True gray market goods are the identical products as official imports but sometimes have different model numbers or other subtle differences. A few stores selling gray market get them from countries that speak a different language than where they intend to sell them so they Xerox the English instruction manual and include it rather than the one you wouldn't be able to read anyway. This is somewhat annoying but is uncommon. Larger stores such as B&H Photo that sell gray market don't do this in my experience.

Warranties for gray market products can be problematic in some cases but many dealers will substitute their own equivalent warranty. Even if they don't, not everything will eventually need repairs so it is entirely plausible to take the money you save from several gray market items to pay for the repairs to one item that does end up needing to be fixed. I tend to stick with official US imports for digital camera bodies and vibration reduction lenses since they are fairly complex pieces of equipment but have no hesitation buying gray market for other camera gear. This is something though that each of us needs to decide what they are comfortable with.

Loss Leaders
Some stores (both online and traditional) will heavily advertise a cheap price on something and make up for any loss on it by padding their prices for everything else. This is basically the tactic fast food restaurants employ when they ask if you'd like fries with your burger. They make little on the sandwich but the fries and soda are almost pure profit items. Most dealers compete fiercely on camera and lens prices but make up the difference on batteries, filters, and other add-ons. This isn't a too much of a problem for the careful shopper but some buyers can be tricked into paying more than they need to this way.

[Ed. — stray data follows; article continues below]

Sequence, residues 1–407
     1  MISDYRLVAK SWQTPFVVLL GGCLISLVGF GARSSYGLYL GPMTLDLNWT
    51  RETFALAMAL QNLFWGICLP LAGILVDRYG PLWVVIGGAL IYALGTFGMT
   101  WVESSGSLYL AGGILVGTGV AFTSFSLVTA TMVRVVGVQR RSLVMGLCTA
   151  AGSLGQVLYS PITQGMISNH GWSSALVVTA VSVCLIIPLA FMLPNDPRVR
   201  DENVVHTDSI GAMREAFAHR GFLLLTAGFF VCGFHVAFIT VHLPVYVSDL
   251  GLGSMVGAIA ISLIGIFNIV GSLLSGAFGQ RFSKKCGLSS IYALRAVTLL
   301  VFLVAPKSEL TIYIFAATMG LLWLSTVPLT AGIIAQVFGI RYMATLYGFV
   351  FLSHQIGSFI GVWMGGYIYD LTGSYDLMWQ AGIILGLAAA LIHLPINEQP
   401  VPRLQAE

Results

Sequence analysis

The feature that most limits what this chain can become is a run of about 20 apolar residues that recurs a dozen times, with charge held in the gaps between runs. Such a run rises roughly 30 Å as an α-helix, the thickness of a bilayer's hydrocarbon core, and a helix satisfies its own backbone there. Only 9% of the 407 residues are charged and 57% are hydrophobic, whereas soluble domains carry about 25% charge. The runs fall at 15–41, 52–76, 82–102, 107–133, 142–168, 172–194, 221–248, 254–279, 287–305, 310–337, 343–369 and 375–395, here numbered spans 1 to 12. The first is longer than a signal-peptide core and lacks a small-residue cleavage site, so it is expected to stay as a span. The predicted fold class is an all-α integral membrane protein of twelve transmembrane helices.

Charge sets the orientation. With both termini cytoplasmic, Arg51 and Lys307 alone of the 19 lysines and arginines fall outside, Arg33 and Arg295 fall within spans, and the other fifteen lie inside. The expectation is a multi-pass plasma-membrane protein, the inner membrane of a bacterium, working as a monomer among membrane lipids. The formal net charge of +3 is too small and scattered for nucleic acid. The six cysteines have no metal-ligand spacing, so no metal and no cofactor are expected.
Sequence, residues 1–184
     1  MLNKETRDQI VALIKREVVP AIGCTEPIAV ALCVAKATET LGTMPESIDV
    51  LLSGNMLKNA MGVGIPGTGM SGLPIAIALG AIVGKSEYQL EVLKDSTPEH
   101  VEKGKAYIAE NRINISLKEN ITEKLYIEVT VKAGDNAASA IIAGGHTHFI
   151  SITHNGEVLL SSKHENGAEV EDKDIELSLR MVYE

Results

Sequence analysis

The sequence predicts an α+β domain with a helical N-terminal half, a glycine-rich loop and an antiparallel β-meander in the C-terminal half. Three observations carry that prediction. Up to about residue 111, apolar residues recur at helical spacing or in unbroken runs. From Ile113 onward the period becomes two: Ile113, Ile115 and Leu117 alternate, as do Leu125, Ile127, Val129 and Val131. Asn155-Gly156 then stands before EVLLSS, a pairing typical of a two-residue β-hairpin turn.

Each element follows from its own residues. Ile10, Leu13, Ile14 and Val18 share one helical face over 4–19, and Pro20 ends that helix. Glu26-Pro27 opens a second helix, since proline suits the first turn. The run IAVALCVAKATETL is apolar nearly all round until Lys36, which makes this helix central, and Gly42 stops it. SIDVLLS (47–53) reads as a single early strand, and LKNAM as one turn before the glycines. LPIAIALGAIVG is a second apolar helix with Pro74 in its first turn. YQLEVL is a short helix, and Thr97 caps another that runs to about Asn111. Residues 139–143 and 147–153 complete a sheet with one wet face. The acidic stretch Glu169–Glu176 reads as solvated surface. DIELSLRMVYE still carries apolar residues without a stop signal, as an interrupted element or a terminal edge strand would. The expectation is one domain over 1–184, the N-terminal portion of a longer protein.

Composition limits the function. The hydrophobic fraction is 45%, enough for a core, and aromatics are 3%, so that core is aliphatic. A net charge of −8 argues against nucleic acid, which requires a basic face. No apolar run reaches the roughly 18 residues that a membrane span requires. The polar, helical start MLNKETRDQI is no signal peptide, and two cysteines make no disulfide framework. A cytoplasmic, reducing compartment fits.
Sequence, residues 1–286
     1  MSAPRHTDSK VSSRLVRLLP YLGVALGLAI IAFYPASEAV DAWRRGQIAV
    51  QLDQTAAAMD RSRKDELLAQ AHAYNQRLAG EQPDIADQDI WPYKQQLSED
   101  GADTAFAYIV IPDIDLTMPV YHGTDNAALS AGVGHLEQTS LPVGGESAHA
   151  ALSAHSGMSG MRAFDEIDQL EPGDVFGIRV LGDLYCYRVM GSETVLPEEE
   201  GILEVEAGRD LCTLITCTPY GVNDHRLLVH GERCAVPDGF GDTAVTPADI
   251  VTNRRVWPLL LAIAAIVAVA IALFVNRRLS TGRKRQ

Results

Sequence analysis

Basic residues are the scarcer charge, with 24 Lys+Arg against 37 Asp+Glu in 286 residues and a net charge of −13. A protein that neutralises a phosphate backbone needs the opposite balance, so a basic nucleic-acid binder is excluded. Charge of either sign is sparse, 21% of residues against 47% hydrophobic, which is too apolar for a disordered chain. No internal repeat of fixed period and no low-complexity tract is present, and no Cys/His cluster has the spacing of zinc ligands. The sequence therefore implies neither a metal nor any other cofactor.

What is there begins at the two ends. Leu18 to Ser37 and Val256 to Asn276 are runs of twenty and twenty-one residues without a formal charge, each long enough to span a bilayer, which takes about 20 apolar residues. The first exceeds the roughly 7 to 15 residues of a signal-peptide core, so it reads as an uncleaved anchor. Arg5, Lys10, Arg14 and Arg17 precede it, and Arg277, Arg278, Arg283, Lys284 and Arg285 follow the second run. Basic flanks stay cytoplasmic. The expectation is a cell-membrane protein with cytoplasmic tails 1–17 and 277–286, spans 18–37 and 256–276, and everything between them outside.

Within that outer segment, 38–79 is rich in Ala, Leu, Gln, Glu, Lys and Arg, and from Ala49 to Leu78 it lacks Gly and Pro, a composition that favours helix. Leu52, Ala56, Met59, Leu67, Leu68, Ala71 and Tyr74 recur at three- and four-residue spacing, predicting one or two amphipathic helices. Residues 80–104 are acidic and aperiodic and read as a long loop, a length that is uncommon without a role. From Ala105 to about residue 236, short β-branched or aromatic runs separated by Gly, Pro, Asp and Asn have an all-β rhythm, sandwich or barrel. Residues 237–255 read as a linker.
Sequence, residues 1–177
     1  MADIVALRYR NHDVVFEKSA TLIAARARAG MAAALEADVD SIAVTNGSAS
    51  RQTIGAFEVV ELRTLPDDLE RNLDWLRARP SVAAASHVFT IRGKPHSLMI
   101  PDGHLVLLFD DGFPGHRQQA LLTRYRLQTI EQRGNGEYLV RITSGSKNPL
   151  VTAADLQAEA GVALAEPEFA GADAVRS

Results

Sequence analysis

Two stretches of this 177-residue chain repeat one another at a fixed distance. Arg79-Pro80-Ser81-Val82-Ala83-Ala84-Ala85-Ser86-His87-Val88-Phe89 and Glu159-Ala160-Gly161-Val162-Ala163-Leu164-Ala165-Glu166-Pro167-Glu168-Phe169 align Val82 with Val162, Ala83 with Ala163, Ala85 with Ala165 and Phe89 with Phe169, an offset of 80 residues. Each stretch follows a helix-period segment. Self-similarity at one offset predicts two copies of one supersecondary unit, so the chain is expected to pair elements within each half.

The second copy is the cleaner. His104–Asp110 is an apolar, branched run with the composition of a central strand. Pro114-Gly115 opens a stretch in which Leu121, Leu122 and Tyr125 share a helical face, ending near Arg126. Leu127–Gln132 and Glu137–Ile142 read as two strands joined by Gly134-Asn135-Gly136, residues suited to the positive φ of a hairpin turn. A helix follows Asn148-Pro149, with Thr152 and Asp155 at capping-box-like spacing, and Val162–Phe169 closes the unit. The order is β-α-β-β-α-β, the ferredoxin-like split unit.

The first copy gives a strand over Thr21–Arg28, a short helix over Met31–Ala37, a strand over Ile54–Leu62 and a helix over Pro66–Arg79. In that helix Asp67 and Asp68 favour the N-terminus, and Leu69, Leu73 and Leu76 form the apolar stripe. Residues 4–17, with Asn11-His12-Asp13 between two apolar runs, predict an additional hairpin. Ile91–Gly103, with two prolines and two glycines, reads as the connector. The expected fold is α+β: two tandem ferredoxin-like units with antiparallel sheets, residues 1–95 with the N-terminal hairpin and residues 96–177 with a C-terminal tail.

Bait and Switch
Some stores go one step further by advertising something they have no plans to actually deliver on. The low advertised price becomes the hook that pulls you in, but by the time you close the sale they've pulled a bait and switch. Perhaps they'll tell you you could buy the camera you ordered, but there's another one (with a surprisingly higher price) that is much better. Or perhaps they'll tell you that yes, the camera is the advertised price, but if you want to the accessories that are normally included in the box it'll cost you extra. Some stores offer cheap prices on the products they sell but charge exorbitant prices for shipping and try to insist you pay for extended warranties or other high profit items. The true bottom feeders are constantly scheming for new ways to trick you into spending money you hadn't planned on so if the dealer talks like a used car salesman, be wary. Not that all used car salesman pull such tricks either mind you.

You're not alone though. Most companies engaging in such questionable practices make a habit of it or at least do so often enough that the experiences of others can guide you. Which leads me back to sites such as Reseller Ratings. There are reputable online dealers out there offering great prices but there are also bad ones looking to pull a fast one at your expense. So be careful, but don't be fearful. Just do your homework before buying.


Date posted: October 12, 2008

 

Copyright © 2008 Bob Johnson, Earthbound Light - all rights reserved.
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Shopping for Camera Gear: Is It Safe to Buy Online?